There are some who complain about the long drive up the Catalina Highway to Mount Lemmon for summertime hiking at the cooler higher elevation temperatures. Being able to escape the desert heat in the summertime is a blessing, but it wasn’t till the middle of the last century that the journey became easy.

Work on the Catalina Highway began in 1933 in order to make it easier to get to the summit of Mount Lemmon. Starting at Tanque Verde Road in east Tucson, the highway goes several miles north before starting a 5,300-foot climb, passing through five of North America’s seven distinct life zones.  Although a road up to Summerhaven was built in 1920, the road was on the north side of the Catalina’s, a good distance from the more populated Tucson area to the south of the mountain range. Prior to the early thirties, the route to the community of Summerhaven from the south was a trail from lower Sabino Canyon to soldier Camp on up to Mount Lemmon.

Efforts to build a highway from the south struggled for seven years until Frank Harris Hitchcock convinced federal prison authorities that a prison camp in the mountains could provide a cheap labor source. The facilities called  the Catalina Federal Honor Camp were much like those in other western mountain campgrounds, i.e., barracks, a mess hall, a laundry, powerhouse and a small sawmill. As a tent camp, with no walls or fences, the prison camp was primarily made up of car thieves, bootleggers, tax evaders, draft dodgers, Mexicans entering the country illegally, and conscientious objectors, existed until 1951, when the road was finished. During that time period over 8,000 prisoners worked on the road, including 44 interned Japanese-Americans during World War II.

To supply water to the camp, Sycamore Reservoir was constructed several miles away, which included a pump-house to pump water through a six-inch pipe up over the ridge to the campgrounds. The pipeline was above ground placed on rock pilings, many of which can be seen from the trail from the honor camp to Sycamore Reservoir. Like many small mountain reservoirs, they become even smaller from mountain floods washing rock and sand into the reservoir. What remains of the dam and the lake area serves to maintain water levels for a riparian area that extends into the two canyons that form the dam site.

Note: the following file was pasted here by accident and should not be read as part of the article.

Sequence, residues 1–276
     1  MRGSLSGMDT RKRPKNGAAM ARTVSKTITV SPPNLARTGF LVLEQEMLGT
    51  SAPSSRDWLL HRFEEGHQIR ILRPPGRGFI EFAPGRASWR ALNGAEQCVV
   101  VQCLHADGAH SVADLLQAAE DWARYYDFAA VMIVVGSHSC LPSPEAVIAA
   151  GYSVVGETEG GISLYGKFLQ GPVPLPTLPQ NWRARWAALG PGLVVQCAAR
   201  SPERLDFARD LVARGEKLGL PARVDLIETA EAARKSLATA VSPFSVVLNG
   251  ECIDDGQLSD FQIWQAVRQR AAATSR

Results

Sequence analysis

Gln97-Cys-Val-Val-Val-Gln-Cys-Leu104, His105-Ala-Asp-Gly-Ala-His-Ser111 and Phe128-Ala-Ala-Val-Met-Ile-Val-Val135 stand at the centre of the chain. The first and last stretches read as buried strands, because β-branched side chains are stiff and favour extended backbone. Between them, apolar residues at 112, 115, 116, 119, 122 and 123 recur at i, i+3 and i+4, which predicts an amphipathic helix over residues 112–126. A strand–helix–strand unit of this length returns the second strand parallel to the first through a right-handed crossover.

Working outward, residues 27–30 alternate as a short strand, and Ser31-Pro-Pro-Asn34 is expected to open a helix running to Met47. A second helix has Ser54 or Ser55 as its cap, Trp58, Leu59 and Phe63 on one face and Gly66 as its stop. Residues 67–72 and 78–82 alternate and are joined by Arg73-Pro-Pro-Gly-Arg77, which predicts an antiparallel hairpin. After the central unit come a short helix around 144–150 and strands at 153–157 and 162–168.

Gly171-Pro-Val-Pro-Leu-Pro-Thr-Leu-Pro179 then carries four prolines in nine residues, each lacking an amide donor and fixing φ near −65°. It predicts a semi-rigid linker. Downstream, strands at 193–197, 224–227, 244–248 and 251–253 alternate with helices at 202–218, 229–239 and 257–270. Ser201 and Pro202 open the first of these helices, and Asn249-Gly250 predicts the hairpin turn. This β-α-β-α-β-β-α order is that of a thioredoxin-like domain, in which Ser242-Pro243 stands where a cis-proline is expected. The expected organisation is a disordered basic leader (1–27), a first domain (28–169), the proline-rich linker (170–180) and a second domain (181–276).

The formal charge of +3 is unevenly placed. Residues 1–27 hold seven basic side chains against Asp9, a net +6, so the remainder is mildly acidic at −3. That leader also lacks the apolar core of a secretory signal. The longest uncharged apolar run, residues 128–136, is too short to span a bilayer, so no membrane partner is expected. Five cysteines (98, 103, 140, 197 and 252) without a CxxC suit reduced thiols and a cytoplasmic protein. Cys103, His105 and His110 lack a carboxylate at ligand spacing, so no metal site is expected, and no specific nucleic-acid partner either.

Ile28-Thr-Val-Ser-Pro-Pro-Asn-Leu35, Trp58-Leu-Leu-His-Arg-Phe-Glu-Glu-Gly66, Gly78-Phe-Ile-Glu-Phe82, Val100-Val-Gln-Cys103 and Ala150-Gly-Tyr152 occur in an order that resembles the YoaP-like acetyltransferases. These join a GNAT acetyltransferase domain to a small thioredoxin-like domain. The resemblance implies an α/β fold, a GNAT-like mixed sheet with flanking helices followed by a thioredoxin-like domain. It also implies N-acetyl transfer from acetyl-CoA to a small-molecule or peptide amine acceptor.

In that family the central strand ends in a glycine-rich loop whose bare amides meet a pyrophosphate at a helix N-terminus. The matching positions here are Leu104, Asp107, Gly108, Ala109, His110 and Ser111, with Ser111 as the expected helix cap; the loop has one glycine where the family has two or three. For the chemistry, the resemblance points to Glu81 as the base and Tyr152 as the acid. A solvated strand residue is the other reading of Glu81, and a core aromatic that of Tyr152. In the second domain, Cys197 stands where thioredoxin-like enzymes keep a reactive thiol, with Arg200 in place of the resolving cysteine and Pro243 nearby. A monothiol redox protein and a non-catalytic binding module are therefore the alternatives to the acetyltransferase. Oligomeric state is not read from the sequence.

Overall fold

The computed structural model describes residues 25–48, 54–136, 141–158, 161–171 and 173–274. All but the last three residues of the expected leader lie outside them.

As mentioned above, during the war Japanese Americans were interned at the camp. Among those was Gordon Kiyoshi Hirabayashi, an American sociologist and religious pacifist who defied internment. In 1942 he turned himself in to the FBI, after which he was convicted of curfew violation and sentence to 90 days in prison. He appealed the verdict, which went all the way to the U.S. Supreme Court. The Court ruled against him.

Given the wartime conditions, officials would not transport him from Seattle to the Prison Camp in the Catalina’s, nor would they pay for his train fare. After two weeks hitchhiking to Arizona, he arrived at the Prison Camp. Since it took him two weeks to arrive at the camp, his papers were not ready, causing the warden to suggest that he just leave. Hirabayashi thought that might look a little suspicious, so the story goes that he should go into town, have dinner and go to a movie — the papers were ready when he came back. One has to wonder how this took place given the camp location in relationship to the city, but then it could have involved days before arriving back to the camp.

Hirabayashi was to later spent one year in federal prison for refusing military induction. In 1999 the Prison Camp recreational area was renamed the Gordon Hirabayashi Recreational Area, where he had served 90 days during the war.

In April of this year, President Barack Obama announced that Hirabayashi would receive the Presidential Medal of Freedom for his principled stand against Japanese-American interment. The honor was present posthumously May 29, 2012.

kenne